And They’re Off!
Hard to admit, but harness racing is magical
By R.E. Graswich
On wintery Friday nights when the town is quiet and my friends have gone home, I sometimes treat myself to harness races at Cal Expo. This ritual is not driven by a gambling passion—outside the track, I never bet on anything—but because I find the races peaceful and nostalgic.
If you grew up in Sacramento, horse racing has always been around, a low-profile piece of the sports landscape, faithfully delivering entertainment and fellowship and cold beer and hot dogs. It’s a living museum piece woven into local history.
When Leland Stanford sought photographic proof that racehorses launch themselves into the air as they gallop, he brought his experiment to Union Park, a 19th century track in Midtown. Joe DiMaggio liked to sit in Cal Expo’s dull, gray press box for State Fair thoroughbred races because nobody bothered him there.
Thoroughbreds haven’t been seen at Cal Expo since 2019, thanks to the pandemic, but harness horses—the hardiest racing breed—have been working Friday and Sunday evenings since mid-November. They pull drivers in sulkies and go slower than thoroughbreds, showcasing dignified gaits of pace and trot.
The drowsy tempo discourages some fans, but I prefer harness racing. It’s much safer for animals and humans. And it’s pure Sacramento, with no better version found in San Francisco or Los Angeles. The nearest harness town is Cicero, Illinois.
Harness racing has been a feature on the local sports calendar since 1971, which means its longevity far exceeds whatever happens at Golden 1 Center or Sutter Health Park. There was a time when crowds in the thousands arrived for nightly harness races, but those days are gone.
Now a few hundred fans gather at Cal Expo, mostly habitual track customers who find a seat in the satellite wagering pavilion and watch the action on TV. Races are broadcast to betting sites around California, places such as Monterey, Pleasanton, Stockton, San Bernardino, San Mateo, Cypress and Vallejo. Punters also play from their phones on a platform called Watch and Wager. Remote bettors keep harness racing alive.
Horse racing has been in decline for decades. Other games, especially baseball, see fearsome warnings in the withering of bygone events that once captivated millions. The challenge is how to stop attrition as old fans die and new prospects embrace diversions such as mixed martial arts.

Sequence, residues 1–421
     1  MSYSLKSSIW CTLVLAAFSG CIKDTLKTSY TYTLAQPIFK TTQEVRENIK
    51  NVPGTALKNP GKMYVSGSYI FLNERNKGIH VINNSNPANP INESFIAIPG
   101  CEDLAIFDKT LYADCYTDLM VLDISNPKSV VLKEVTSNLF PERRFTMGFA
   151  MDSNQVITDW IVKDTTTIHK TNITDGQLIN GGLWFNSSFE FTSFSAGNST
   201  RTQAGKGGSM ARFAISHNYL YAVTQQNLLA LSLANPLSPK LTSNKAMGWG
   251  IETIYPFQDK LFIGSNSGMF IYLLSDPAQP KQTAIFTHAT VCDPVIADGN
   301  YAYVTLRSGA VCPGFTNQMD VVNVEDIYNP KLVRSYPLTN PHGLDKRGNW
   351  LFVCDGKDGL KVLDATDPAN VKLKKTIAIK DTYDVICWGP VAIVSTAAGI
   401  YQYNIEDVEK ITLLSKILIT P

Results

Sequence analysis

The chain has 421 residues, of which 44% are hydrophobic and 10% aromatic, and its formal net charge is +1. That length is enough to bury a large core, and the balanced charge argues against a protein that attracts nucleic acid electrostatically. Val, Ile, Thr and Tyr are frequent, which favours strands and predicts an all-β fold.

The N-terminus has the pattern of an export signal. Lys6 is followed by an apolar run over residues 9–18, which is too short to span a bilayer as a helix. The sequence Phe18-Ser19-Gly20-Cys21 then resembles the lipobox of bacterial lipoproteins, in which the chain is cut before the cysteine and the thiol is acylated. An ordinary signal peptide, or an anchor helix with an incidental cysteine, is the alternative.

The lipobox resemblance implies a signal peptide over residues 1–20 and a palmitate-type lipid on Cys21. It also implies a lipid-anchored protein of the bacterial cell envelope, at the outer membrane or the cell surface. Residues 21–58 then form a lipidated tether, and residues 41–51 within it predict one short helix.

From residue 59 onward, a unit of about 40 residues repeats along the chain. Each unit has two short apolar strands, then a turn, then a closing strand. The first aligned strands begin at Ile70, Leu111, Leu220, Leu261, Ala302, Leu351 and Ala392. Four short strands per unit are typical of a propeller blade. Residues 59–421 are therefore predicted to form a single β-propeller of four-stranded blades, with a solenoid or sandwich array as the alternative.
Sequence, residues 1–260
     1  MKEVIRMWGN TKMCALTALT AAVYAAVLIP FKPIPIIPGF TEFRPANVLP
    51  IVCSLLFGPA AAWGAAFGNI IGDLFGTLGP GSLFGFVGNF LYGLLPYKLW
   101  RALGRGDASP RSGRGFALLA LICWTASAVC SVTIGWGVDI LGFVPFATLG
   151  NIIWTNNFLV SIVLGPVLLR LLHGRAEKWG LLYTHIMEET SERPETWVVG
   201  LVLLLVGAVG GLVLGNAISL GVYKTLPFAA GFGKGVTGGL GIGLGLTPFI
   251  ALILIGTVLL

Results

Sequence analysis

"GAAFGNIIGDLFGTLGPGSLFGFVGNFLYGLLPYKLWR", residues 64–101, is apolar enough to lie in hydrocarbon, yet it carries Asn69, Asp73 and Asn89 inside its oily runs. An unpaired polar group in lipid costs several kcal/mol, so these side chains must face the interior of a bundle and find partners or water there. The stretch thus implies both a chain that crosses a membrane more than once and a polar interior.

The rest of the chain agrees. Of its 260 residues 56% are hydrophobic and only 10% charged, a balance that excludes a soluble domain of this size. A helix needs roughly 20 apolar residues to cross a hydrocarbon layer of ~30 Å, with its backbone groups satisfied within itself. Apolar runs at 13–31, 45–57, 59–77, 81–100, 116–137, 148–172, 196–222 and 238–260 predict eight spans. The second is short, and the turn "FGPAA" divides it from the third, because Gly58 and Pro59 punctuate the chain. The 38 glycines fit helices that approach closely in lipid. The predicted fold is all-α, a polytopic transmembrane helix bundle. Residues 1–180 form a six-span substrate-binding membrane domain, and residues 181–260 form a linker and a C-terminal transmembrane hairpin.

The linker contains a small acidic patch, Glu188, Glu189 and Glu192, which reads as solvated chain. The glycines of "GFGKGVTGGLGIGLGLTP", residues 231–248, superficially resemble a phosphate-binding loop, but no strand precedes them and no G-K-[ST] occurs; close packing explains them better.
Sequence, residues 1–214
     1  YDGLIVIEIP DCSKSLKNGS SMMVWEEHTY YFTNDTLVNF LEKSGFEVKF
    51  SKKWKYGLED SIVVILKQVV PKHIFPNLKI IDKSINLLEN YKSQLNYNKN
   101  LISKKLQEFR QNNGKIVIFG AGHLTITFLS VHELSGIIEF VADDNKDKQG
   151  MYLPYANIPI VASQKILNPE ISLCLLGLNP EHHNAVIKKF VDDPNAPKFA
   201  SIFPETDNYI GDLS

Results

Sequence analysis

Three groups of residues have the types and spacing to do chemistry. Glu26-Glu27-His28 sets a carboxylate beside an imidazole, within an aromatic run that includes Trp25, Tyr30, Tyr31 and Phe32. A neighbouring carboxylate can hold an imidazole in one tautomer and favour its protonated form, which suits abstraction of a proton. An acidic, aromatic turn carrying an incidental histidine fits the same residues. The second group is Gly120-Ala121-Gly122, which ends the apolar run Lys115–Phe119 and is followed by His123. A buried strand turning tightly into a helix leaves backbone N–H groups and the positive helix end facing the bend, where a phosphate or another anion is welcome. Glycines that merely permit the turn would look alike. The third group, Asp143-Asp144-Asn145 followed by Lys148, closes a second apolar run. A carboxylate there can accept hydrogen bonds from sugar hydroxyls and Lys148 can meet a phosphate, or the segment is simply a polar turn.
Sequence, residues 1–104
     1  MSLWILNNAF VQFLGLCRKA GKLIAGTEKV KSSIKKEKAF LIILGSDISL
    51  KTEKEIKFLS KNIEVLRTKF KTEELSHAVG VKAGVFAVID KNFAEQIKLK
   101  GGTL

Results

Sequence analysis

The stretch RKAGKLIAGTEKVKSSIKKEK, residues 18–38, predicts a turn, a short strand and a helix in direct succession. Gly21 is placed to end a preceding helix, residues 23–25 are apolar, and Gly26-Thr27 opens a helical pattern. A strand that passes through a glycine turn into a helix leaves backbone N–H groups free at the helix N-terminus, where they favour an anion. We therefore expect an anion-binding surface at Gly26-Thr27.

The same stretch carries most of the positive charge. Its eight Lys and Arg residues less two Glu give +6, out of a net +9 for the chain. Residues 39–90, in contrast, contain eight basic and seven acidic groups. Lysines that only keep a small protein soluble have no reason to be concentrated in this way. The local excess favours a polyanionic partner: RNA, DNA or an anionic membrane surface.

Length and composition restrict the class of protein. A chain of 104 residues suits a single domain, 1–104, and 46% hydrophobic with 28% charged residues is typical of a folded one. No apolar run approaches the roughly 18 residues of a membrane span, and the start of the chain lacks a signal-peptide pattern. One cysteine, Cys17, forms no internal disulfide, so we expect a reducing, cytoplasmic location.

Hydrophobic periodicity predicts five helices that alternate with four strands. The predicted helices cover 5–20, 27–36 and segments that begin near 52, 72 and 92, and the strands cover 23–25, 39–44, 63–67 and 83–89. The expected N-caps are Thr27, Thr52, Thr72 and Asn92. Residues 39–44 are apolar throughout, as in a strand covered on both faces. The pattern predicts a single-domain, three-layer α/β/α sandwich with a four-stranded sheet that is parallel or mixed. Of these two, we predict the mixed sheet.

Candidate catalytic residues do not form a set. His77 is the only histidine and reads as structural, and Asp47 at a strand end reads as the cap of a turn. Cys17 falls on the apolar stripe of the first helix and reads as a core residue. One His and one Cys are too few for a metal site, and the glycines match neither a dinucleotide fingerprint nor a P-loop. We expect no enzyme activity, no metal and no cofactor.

Over the past 30 years, I’ve seen three main reasons why younger people don’t like horse racing.
First came concerns about cheating. Racing was never a citadel of honesty, thanks to its association with gambling. Where there’s gambling, there’s cheating. Races are easy to corrupt, with pharmacies available to trainers and fans having no way to tell whether any horse is truly fit.
Second came the complexities of horse racing. Track programs are compendiums of information, facts that range from past performances to breeding histories to trainer and driver rankings. All that data takes work to comprehend—until after the race, when fluorescent numbers leap from the page and reveal everything you overlooked.
Then came the saddest discouragement of all—horses dead at the track. To imagine how a horse runs, think about trying to run on your toes. A hoof is a horse’s toe. It takes a pounding when they run.
For various reasons—too frequent racing, poor track surface, running while injured and medicated—horses develop stress fractures in the bones that lead from the hoof. Sometimes those stress fractures bring catastrophic failure, especially in the fetlock above the hoof.
Three years ago, Santa Anita was temporarily closed when 23 thoroughbreds died in less than three months. Twenty-one had preexisting stress fractures. Horses die for many reasons, but officials focused on wet track conditions and lame horses being sent to race.
Harness horses move slower with less stress on their fetlocks. They don’t gallop and rarely die on the track. They are sturdy and hearty and not always easy to predict, which is why some of us still watch and bet them on wintery nights at Cal Expo.
R.E. Graswich can be reached at email@example.com. Follow us on Facebook, Twitter and Instagram: @insidesacramento.